QRG: Check invoice status using the shopping cart to payment document flow report (PDF 391.35KB)

QRG: Invoice and sundry payment workflow (schools) (PDF 292.02KB)

QRG: Invoice enquiry – status & image display (PDF 958.35KB)

Fixed Asset and Equipment Registers On delivery, all equipment and assets are to be added to the Fixed Asset and Equipment Registers as appropriate.

QRG: request to create multiple equipment items on Equipment Register

QRG: How to search and display asset and equipment details (PDF 733.25KB)

General expense claim Supporting documentation (tax invoices, travel claim etc) are to be uploaded and saved with the General Expense Claim, and emailed to EDConnect. QRG: How to complete General Expense Claim
Petty cash Supporting documentation (tax invoices, travel claim etc) are to be attached to the claim form and submitted for approval with a completed petty cash claim. Records must be retained for 7 years. Managing Petty Cash and Expenses: FIN0040 (PDF 1224.87KB)
Deposit/down payment This is used when a vendor requests an initial deposit to secure a purchase or booking. QRG: How to create a down payment (PDF 402.63KB)
Prepayments A request forprepayment is only to be used when the goods/service is required to be paid in full prior to the goods being delivered, subscription starting or event taking place. A confirmation against the purchase order is required prior to processing the prepayment.

Request for Prepayment (PDF 1222.94KB)

QRG: How to complete a request for prepayment

Temporary cash advance Supporting documentation (tax invoices, travel claim etc.) are to be uploaded and saved against the temporary cash advance.

QRG: School’s cash advance request procedure

Application for Cash Advance (PDF 2862.3KB)

Purchasing cards Purchasing card transactions are to be acquitted and reviewed using the department’s Expense Management System (EMS). Acquittal of card expenditure can be performed by the cardholder at any time following a transaction appearing in the EMS, however all acquittals must be completed within seven days of the end of each month. Printed statements will not be issued to cardholders. Reviewing officers must approve transactions within three working days of cardholder acquittal. Purchasing Cards FAQs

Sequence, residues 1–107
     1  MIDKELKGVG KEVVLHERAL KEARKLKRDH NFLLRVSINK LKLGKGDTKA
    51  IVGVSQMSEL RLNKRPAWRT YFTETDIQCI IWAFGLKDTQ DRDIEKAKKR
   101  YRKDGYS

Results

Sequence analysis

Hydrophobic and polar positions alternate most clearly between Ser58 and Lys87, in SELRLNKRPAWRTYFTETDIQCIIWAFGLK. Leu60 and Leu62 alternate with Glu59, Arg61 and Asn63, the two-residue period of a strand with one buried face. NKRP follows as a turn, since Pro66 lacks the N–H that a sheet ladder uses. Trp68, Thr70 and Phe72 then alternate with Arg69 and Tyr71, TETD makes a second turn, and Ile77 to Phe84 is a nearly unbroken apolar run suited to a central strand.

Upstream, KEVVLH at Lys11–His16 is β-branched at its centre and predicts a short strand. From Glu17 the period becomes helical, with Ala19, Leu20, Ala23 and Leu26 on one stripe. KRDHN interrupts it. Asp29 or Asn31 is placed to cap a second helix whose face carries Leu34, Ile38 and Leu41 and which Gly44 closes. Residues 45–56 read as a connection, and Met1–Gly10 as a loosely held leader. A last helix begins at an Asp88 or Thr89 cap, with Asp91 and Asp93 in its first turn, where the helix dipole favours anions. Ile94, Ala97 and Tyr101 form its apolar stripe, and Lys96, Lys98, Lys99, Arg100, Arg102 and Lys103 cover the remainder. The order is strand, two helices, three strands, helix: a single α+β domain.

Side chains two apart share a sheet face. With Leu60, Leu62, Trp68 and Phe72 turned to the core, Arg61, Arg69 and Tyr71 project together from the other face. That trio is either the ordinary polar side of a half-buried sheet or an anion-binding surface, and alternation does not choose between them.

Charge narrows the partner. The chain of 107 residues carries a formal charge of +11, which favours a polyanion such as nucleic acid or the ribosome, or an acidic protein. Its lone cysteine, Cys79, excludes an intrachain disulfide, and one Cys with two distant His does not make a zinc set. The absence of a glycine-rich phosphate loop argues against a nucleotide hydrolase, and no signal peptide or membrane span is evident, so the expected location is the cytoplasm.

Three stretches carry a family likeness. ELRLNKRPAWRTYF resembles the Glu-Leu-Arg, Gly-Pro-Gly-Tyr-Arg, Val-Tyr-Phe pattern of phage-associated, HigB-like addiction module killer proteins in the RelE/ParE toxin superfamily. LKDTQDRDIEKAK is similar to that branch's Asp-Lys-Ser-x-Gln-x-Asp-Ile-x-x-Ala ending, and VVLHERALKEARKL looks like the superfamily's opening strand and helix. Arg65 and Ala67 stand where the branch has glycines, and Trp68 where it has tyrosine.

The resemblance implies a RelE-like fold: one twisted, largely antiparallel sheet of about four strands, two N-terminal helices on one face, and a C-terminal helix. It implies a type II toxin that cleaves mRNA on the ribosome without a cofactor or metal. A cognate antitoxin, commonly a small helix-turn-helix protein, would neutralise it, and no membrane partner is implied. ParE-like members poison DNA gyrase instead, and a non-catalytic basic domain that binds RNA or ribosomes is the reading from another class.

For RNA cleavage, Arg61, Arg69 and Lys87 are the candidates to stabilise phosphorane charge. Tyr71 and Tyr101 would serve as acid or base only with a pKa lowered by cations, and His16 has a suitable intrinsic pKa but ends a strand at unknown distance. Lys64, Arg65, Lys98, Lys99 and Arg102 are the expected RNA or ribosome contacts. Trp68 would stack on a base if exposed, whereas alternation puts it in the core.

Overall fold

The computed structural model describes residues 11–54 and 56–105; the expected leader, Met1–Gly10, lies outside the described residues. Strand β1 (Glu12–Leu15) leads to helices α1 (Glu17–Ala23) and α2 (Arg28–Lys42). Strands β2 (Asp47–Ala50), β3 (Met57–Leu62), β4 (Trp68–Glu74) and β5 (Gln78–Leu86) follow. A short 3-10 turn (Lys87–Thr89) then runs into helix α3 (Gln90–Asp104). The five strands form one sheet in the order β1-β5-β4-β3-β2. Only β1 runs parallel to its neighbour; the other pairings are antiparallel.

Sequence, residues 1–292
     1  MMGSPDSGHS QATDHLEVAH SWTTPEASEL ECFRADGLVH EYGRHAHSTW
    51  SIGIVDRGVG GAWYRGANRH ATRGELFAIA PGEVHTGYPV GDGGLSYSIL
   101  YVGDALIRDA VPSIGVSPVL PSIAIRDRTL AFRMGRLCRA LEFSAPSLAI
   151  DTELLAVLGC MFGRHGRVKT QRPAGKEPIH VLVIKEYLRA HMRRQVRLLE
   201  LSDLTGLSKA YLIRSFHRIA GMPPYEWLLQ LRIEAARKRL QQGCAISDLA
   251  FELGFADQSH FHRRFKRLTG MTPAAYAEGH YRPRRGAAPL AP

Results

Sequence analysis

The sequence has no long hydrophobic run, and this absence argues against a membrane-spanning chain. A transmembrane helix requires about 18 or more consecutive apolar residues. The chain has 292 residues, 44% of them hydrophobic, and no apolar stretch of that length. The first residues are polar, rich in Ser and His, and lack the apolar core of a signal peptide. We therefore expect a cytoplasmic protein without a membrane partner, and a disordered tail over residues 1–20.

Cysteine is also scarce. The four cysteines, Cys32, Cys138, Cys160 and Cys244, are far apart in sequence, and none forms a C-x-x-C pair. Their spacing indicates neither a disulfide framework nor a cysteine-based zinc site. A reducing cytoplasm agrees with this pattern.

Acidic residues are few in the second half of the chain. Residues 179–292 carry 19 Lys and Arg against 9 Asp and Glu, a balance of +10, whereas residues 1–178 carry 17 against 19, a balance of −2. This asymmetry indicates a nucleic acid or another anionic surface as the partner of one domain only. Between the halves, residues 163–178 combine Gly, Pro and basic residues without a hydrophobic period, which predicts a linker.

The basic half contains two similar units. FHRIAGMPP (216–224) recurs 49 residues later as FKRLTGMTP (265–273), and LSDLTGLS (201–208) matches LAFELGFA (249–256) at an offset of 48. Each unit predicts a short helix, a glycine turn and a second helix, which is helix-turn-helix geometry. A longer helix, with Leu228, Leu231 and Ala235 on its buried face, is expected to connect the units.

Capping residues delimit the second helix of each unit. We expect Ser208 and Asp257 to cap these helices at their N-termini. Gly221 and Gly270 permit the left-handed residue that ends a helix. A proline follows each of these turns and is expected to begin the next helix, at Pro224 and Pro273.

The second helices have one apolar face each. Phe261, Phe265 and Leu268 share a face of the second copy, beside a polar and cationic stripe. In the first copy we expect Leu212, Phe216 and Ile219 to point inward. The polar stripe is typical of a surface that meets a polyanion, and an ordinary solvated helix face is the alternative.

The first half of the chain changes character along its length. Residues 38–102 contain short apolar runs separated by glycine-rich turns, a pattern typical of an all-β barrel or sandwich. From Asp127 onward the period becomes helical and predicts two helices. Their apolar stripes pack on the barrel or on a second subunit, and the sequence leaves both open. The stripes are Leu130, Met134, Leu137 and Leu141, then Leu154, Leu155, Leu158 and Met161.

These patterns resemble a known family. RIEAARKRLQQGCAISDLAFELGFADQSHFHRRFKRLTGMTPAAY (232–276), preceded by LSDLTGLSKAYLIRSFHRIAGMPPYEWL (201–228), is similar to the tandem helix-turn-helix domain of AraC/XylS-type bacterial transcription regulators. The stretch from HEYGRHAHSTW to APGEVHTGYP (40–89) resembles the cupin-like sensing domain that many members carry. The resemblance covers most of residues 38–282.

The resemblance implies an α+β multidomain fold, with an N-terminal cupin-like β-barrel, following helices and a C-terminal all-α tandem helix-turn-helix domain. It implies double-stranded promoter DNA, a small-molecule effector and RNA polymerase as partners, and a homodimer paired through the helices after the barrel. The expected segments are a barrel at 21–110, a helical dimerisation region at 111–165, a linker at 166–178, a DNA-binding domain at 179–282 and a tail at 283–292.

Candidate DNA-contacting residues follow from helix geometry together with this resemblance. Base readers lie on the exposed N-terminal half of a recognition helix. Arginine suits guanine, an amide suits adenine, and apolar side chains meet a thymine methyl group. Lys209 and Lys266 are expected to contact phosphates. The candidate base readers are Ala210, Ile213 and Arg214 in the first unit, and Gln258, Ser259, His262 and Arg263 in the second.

Journal Entry for a Sundry Tax Invoice How to process a journal entry for expenses appearing on a Sundry Tax Invoice. QRG: How to create a journal entry for a sundry tax invoice (PDF 1511.28KB)

8.15 Lease, rent and licence agreements

Schools are not permitted to enter into any lease, rent and licence agreements.

The only exemption to this is the Mandated Contract for Imaging devices (printers, copiers, multi-function devices) under the Integrated Imaging Contract, and former contracts (PAYPOP and PAYPOPII) that still have devices in schools.

It is advisable to contact the department’s procurement solutions directorate via EDConnect on 1300 32 32 32 (option 4) or the EDConnect online form.

NOTE: Canteen Licence Agreements, OOSH and Uniform Shop Agreements have their own departmental approval processes in place and do not fall under this clause.

8.16 Credit accounts with local suppliers

With the introduction of PCards the need for store accounts with local suppliers has been superseded in most cases. Schools should utilise the SAP system or PCards before alternatives are considered.

Local suppliers can be set up as a vendor in SAP finance. A limit order or free text item shopping cart can be used for purchases.

Principals can arrange for staff members who regularly purchase goods or services or make payments as part of their roles to receive a PCard.

In exceptional circumstances, where a staff member may have been authorised a PCard through employment at another school, it is not be possible to apply for a second PCard, however processes are in place to enable costs to be journaled to another school, if agreed by both schools. In these circumstances the use of a store account may also be appropriate, possibly to be paid for at the end of the month by a PCard held by another staff member. The store account details including:

  • supplier's name, address and ABN
  • store account number
  • expenditure limit
  • trading terms
  • names of staff members authorised to access the facility with delegated amounts

are to be listed in the Register of Financial Items.

Store accounts should be set up in the name of the school with the principal as the primary contact for accounts.

The Register of Financial Items is required to be reviewed and updated regularly so that information is current and valid.

Note: Credit card accounts are not to be entered into.

8.17 Purchasing cards (PCards)

PCards can only be used by the staff member named on the card. Cards cannot be shared among staff members.

PCards can be issued to any member of staff that has a financial delegation under M023, (see delegations below).

Transaction limits are subject to the individual cardholder’s maximum M023 financial delegation.

Holding a PCard is a privilege that carries a great deal of responsibility. Possession of a card places the cardholder in a position of trust. Strong and immediate action, including the cancellation of cards, will be taken against staff who abuse this trust.

Any cardholder who misuses or fraudulently uses a Purchasing Card will be subject to disciplinary action (up to and including dismissal) and/or legal prosecution.

Cardholders must:

The cardholder is accountable for transactions and expenditure incurred on their card and is responsible for complying with the requirement to acquit expenditure to the department’s financial systems in a timely manner.